Precision Shot 3 - Review
Review by Greg Knoll
With both Killzone 3 and Socom 4 being implemented with the Move function, it was obvious that Sony would release a compatible gun option to supplement the incredible response to both games. Many have found it in the form of the Sharp Shooter, a rather large, expensive piece of equipment. For those that don't have the kind of funds to invest in yet another controller, or simply don't wish to wait the 4-6 weeks it will take to receive it there is another option: Interworks Unlimited's Precision Shot 3.
If one were to compare these two items visually, the Precision may seem inferior, swaying many gamers into the higher-priced option. It looks more like a pistol than an assault rifle and doesn't seem to have all the features present with the Sharp Shooter like additional buttons and a reload feature. Unfortunately, the reload feature is missing from the Precision but technically speaking it's still on par and an outstanding, less-expensive option than the Sharp Shooter.
It's smaller and lighter, held in the hand rather than tucked against the shoulder so it allows for a better range of movement and different angles. In a shooter-any shooter-that can mean the difference between life and death. The actual Move controller fits into the top where the T shoulder button locks into a hole linked to the trigger and a sturdy, plastic latch keeps the device squarely in place while still allowing access to all surrounding buttons-even start and select. Also the back, where the hammer on a typical gun is found, was left open allowing players to charge and plug in without having to constantly remove the main Move controller.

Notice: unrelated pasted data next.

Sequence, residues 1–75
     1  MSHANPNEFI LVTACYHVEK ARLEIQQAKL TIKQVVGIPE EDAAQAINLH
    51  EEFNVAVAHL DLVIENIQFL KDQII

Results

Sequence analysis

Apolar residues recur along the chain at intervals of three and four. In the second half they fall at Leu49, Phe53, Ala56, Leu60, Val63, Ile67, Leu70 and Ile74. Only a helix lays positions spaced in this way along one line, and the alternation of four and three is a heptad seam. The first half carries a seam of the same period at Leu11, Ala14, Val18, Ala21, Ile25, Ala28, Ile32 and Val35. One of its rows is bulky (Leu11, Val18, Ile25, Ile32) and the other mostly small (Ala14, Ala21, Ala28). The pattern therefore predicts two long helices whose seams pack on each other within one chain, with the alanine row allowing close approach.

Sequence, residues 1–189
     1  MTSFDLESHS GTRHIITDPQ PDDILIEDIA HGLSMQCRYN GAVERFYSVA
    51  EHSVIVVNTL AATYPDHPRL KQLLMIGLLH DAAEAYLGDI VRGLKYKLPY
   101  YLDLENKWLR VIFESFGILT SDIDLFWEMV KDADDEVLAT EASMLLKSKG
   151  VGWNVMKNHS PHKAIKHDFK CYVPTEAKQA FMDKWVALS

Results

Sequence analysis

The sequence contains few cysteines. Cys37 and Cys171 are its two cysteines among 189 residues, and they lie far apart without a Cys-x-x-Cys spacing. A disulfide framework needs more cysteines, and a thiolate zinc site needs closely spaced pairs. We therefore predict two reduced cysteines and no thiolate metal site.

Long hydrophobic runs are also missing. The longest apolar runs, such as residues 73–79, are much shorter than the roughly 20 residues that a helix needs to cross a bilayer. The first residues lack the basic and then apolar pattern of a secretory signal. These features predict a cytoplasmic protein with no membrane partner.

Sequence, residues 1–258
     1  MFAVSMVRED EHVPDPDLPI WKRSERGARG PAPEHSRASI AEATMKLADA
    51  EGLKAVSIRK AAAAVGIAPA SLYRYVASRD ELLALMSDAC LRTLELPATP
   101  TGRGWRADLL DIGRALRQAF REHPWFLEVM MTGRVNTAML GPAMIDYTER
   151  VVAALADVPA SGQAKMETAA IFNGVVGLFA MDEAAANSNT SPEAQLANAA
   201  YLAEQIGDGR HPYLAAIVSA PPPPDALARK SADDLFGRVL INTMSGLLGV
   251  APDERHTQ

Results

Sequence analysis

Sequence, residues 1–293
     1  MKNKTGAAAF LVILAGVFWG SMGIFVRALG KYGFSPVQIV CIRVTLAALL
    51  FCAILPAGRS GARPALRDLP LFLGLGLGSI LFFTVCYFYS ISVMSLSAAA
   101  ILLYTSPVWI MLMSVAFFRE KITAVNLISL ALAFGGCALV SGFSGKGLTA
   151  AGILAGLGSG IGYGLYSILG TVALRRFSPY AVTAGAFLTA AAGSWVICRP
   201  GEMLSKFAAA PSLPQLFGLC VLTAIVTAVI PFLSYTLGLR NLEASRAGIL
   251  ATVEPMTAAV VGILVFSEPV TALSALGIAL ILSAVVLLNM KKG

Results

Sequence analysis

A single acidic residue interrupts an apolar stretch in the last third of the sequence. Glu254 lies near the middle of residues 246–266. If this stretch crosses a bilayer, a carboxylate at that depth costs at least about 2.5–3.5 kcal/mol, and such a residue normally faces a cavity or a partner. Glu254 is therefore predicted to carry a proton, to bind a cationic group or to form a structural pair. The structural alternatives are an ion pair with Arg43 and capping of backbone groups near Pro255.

For those with the Navigation controller, the Precision has an optional attachment that can be placed at the front of the gun, serving as both a handle and a shell that the Navigation will fit into snugly. This provides the option of using both hands, and move and shoot accordingly. It doesn't take long to get used to and adds an overall authentic feel to the already well-designed controller. In addition, it can be removed, granting you a more "pistol" feel.
I spoke earlier on the lack of a reload button, but I actually prefer it that way. With the Sharp Shooter the most comfortable option is to place your hand near the bottom, at which point you can inadvertently reload in the middle of a fire fight. Here, there are no accidental reloads or missed buttons. The way the gun is designed provides a smooth, calculated experience.
The only real issue I encountered was in playing Resident Evil 5 but most of that falls on the game's design, not the controller's. Pulling the trigger will simply put Chris or Sheeva into fight mode, and you're still left having to push the Move button to fire. Since the trigger and the Move button are so far away it only leaves the gamer with one of two options: grow a third arm, or have someone else navigate for you.
At some point, I'm hoping either Resident Evil will change their format or Sony will attach a second Move button to the navigation. For now, though, that doesn't affect all the positive aspects of the Precision Shot 3. It's quick, precise, sturdy and well constructed. It's easy to switch over from gun to hand-held and requires little-to-no calibration with most games. And at half the price of the Sharp Shooter it may indeed be the superior option.